CES Safety Talks About Trenching & Excavation Safety

hydro-excavation-trench-safety.pngIt is CES goal to provide a workplace free of recognized hazards that may cause serious injury or death. Trenching and excavating can be one of these hazards when not complying with the trenching and excavation requirements of 29 CFR 1926.651 and 1926.652 or comparable OSHA-approved state plan requirements. Two workers are killed every month in trench collapses. An excavation is any man-made cut, cavity, trench, or depression in an earth surface formed by earth removal. A trench is a narrow excavation (in relation to its length) made below the surface of the ground. In general, the depth is greater than the width in a trench excavation, however, the width of a trench (measured at the bottom) is not greater then 15 feet. 

General Trenching and Excavation Rules

  • Keep heavy equipment away from trench edges.
  • Identify other sources that might affect trench stability.
  • Keep excavated soil (spoils) and other materials at least 2 feet (0.6 meters) from trench edges.
  • Know where underground utilities are located before digging.
  • Test for atmospheric hazards such as low oxygen, hazardous fumes and toxic gases when > 4 feet deep.
  • Inspect trenches at the start of each shift.
  • Inspect trenches following a rainstorm or other water intrusion.
  • Do not work under suspended or raised loads and materials.
  • Inspect trenches after any occurrence that could have changed conditions in the trench.
  • Ensure that personnel wear high visibility or other suitable clothing when exposed to vehicular traffic.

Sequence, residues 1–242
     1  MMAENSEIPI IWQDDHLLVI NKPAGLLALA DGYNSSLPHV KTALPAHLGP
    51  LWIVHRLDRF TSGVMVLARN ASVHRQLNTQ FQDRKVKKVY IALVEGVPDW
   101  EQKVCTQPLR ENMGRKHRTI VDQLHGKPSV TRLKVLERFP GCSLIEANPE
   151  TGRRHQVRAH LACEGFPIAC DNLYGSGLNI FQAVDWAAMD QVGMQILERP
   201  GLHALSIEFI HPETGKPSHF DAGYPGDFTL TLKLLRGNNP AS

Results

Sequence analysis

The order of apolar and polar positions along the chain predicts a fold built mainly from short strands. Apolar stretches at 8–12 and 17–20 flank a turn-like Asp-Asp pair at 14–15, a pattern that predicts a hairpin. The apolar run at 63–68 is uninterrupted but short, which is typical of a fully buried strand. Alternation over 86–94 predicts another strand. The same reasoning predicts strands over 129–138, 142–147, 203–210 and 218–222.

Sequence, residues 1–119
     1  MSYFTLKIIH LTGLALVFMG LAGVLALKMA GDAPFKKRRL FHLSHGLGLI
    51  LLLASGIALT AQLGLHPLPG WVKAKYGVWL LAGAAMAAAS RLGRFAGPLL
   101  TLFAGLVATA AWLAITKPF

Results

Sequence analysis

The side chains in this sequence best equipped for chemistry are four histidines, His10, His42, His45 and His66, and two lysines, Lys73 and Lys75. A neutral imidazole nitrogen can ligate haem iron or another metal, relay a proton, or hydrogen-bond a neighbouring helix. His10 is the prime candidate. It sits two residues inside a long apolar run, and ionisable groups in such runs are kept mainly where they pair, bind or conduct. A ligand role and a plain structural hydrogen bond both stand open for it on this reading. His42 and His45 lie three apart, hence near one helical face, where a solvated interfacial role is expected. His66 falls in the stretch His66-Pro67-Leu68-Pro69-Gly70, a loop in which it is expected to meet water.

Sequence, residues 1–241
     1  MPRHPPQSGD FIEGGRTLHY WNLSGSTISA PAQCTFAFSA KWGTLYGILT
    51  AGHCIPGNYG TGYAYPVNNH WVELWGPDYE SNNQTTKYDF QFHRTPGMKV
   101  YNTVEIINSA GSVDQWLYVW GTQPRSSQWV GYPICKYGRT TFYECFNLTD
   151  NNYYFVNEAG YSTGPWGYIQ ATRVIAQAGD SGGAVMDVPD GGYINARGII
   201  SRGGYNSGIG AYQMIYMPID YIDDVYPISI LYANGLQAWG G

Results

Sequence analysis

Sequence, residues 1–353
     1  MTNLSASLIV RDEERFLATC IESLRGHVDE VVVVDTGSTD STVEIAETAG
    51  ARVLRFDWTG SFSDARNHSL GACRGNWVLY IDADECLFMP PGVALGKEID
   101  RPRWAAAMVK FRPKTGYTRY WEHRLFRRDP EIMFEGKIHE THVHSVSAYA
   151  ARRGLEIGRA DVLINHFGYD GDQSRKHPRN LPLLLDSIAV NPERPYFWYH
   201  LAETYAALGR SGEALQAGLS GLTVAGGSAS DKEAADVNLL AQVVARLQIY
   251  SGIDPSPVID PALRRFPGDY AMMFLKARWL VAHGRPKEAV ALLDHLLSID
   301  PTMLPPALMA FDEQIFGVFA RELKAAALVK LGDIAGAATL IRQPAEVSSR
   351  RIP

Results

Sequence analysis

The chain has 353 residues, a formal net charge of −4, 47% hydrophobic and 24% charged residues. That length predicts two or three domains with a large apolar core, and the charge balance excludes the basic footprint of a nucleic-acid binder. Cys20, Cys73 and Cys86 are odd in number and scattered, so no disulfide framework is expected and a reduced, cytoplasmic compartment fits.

There are a few different types of Protective Systems:

  1. Benching means a method of protecting workers from cave-ins by excavating the sides of an excavation to form one or a series of horizontal levels or steps, usually with vertical or near vertical surfaces between levels. Benching cannot be done in Type C soil.
  2. Sloping involves cutting back the trench wall at an angle inclined away from the excavation.
  3. Shoring requires installing aluminum hydraulic or other types of supports to prevent soil movement and cave-ins.
  4. Shielding protects workers by using trench boxes or other types of supports to prevent soil cave-ins. Designing a protective system can be complex because you must consider many factors: soil classification, depth of cut, water content of soil, changes caused by weather or climate, surcharge loads (e.g., spoil, other materials to be used in the trench) and other operations in the vicinity.

trench_box.jpg    Type_c_Soil_excavating.gif

Access and Egress

OSHA standards require safe access and egress to all excavations, including ladders, steps, ramps, or other safe means of exit for employees working in trench excavations 4 feet (1.22 meters) or deeper. These devices must be located within 25 feet (7.6 meters) of all workers.

Trench Safety Measures

Trenches 5 feet (1.5 meters) deep or greater require a protective system unless the excavation is made entirely in stable rock. If less than 5 feet deep, a competent person may determine that a protective system is not required. Trenches 20 feet (6.1 meters) deep or greater require that the protective system be designed by a registered professional engineer or be based on tabulated data prepared and/or approved by a registered professional engineer in accordance with 1926.652(b) and (c).

Competent Person

OSHA standards require that employers inspect trenches daily and as conditions change by a competent person before worker entry to ensure elimination of excavation hazards. A competent person is an individual who is capable of identifying existing and predictable hazards or working conditions that are hazardous, unsanitary, or dangerous to workers, soil types and protective systems required, and who is authorized to take prompt corrective measures to eliminate these hazards and conditions.

Dangers of Trenching and Excavation

Cave-ins pose the greatest risk and are much more likely than other excavation-related accidents to result in worker fatalities. Other potential hazards include falls, falling loads, hazardous atmospheres, and incidents involving mobile equipment. One cubic yard of soil can weigh as much as a car. An unprotected trench is an early grave. Do not enter an unprotected trench.          

For additional information visit OSHA’s Safety and Health Topics web page on trenching and excavation.

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